What I have said is from another world.
This book has come from another Heaven.
After finishing Javid Nama Iqbal turned to Urdu again, and published a collection of Urdu poems Bal-i-Jibril in 1935 and another collection Zarb-i-Kalim in 1936. in 1934 he had published a Persian poem Musafir. Another Persian poem Pas Che Bayed Kard was published in 1936.. 1 The final, collection of his poems appeared posthumously. It was. known as Armoghan-i-Hijaz.
This is story of Iqbal’s poetry told briefly.
In 1923 he was persuaded by friends and admirers to stand for the Punjab Legislative Counci1, but as his old friend, Mian Abdul Aziz, wanted to stand from the same constituency be decided not to stand. But ‘.he stood for election from the same constituency in .1926. He continued as a member of the Punjab Legislative Council for 3 years and made valuable contributions to the deliberations of that august body.
In 1930 Iqbal was elected President of the Muslim League Session held at Allahabad in India. In the course of his epoch-making presidential address he said, "The unity of an Indian nation, therefore, must be sought, not in the negation but in the mutual harmony and co-operation of the many. The statesmanship cannot-ignore facts, however, unpleasant they may be. The only practical course .is not to assume the existence of a state of things which does not exist, but to recognize facts as they are, and to exploit them to our greatest advantage. And it is on the 6iscovery of Indian unity in this direction that the fate of India as well as of Asia really depends. India is Asia in miniature."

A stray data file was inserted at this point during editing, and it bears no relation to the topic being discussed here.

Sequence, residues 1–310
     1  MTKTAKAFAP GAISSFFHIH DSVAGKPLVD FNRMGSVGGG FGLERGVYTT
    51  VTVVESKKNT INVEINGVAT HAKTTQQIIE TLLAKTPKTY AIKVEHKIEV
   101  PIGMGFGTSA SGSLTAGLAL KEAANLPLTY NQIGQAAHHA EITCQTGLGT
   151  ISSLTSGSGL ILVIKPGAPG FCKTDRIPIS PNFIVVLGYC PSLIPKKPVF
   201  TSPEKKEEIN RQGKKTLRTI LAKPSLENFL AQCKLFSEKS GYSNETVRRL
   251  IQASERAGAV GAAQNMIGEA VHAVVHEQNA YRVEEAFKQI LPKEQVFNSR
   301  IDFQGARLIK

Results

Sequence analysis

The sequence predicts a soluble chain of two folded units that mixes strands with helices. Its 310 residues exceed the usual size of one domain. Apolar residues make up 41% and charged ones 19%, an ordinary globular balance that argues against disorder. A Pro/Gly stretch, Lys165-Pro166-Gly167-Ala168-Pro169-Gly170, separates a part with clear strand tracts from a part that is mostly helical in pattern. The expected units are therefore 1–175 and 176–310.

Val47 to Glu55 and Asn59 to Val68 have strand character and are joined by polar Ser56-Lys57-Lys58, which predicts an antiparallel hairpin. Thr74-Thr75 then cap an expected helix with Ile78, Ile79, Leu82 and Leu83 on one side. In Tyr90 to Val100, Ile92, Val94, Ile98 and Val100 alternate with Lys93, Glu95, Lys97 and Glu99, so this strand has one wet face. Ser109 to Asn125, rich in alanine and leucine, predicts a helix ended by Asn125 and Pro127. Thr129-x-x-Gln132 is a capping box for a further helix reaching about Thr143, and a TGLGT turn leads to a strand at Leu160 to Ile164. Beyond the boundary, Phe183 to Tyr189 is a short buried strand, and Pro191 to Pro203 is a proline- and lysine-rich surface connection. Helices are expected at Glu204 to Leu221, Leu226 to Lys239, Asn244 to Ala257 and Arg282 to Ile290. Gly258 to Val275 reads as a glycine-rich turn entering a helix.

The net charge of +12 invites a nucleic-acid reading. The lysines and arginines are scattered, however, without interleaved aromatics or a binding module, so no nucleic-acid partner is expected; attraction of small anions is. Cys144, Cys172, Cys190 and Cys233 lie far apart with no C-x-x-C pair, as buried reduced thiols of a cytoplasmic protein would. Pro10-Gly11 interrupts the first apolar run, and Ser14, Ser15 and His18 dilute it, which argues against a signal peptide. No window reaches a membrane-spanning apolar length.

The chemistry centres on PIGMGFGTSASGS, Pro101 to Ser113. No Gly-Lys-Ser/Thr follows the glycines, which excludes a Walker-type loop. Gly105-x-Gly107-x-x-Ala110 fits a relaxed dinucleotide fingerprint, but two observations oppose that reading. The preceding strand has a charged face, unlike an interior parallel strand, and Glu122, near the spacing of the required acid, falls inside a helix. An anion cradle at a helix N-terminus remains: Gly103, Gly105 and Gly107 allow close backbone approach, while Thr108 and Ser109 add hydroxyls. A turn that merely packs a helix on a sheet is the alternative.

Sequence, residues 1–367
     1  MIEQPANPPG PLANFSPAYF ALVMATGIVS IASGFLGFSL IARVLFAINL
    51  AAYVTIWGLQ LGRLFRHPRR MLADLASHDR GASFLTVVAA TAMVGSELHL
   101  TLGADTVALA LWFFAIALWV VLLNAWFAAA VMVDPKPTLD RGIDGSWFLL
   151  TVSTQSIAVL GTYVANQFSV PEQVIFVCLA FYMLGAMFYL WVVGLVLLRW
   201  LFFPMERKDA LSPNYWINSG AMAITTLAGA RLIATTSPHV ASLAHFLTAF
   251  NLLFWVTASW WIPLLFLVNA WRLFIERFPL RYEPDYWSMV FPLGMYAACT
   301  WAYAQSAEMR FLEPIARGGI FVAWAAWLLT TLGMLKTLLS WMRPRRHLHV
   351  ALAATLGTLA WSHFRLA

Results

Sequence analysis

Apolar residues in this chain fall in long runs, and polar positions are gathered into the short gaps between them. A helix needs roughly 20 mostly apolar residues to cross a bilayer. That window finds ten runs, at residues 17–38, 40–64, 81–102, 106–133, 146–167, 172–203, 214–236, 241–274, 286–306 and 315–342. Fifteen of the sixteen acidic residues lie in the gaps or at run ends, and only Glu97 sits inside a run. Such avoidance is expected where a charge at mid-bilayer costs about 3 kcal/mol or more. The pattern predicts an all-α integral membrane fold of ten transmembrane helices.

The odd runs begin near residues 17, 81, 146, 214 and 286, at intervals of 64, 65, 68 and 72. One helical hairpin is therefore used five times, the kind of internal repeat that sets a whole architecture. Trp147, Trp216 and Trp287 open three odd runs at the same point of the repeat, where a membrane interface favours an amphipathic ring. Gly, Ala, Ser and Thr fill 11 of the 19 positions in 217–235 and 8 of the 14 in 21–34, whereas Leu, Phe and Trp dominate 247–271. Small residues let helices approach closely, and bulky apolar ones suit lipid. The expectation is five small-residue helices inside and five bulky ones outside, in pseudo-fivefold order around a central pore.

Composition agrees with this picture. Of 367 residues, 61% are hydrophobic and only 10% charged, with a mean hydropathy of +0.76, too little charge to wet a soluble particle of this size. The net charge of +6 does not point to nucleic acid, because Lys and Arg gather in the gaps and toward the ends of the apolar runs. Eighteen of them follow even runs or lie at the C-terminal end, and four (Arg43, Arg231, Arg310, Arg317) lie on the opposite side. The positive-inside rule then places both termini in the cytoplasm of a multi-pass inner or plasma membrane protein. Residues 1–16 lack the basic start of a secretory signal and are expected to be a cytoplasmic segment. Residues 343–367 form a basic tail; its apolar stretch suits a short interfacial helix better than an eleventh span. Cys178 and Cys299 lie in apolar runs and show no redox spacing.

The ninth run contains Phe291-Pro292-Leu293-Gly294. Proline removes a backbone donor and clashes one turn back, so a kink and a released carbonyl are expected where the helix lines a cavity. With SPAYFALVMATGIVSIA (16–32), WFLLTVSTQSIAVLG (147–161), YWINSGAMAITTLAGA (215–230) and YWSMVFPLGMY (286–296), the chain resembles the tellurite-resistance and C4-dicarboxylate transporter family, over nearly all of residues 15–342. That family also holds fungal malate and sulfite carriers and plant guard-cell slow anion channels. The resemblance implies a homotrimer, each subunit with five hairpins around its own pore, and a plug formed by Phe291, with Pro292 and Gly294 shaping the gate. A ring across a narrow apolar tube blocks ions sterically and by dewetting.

In 1931 he attended the Round Table Conference which met in London to frame a constitution for the Indo-Pakistan subcontinent. He took an active part in the various committees appointed by the Conference and contributed much.
In 1932, Iqbal presided at the annual session of the Muslim Conference and delivered a thought-provoking address.
Iqbal developed kidney trouble in 1927. He wanted to visit Vienna for its treatment but some friends advised him to visit Hakim Abdul Wahab (Hakim Nabina) for treatment. Hakim Abdul Wahab’s treatment cured him of the complaint and he kept good health till 1934, when he developed heart trouble accompanied by loss of voice. Treatment was tried for this in Bhopal and Delhi without any success. This illness took a serious turn on 25th March, 4938, and in spite of the best medical aid and careful nursing he breathed his last in the early hours of 2lst April, 1938
Half an hour before he breathed his last Iqbal recited the following verses, which he had composed earlier:
The departed melody may recur or not
The zephyr may blow again from Hijaz or not.
The days of this Faqir have come to an end
Another seer may come or not.
After the Pakistan Resolution was passed by the Muslim League in its Lahore Session, on 24th March, 1940, the Quaid-i-Azam said to Matlub Saiyyid, "Iqbal is no ‘more amongst us. But had he been alive he would have been happy to know that we did exactly what he wanted us to do." No greater compliment could have been paid to Iqbal for his political services to the Muslims.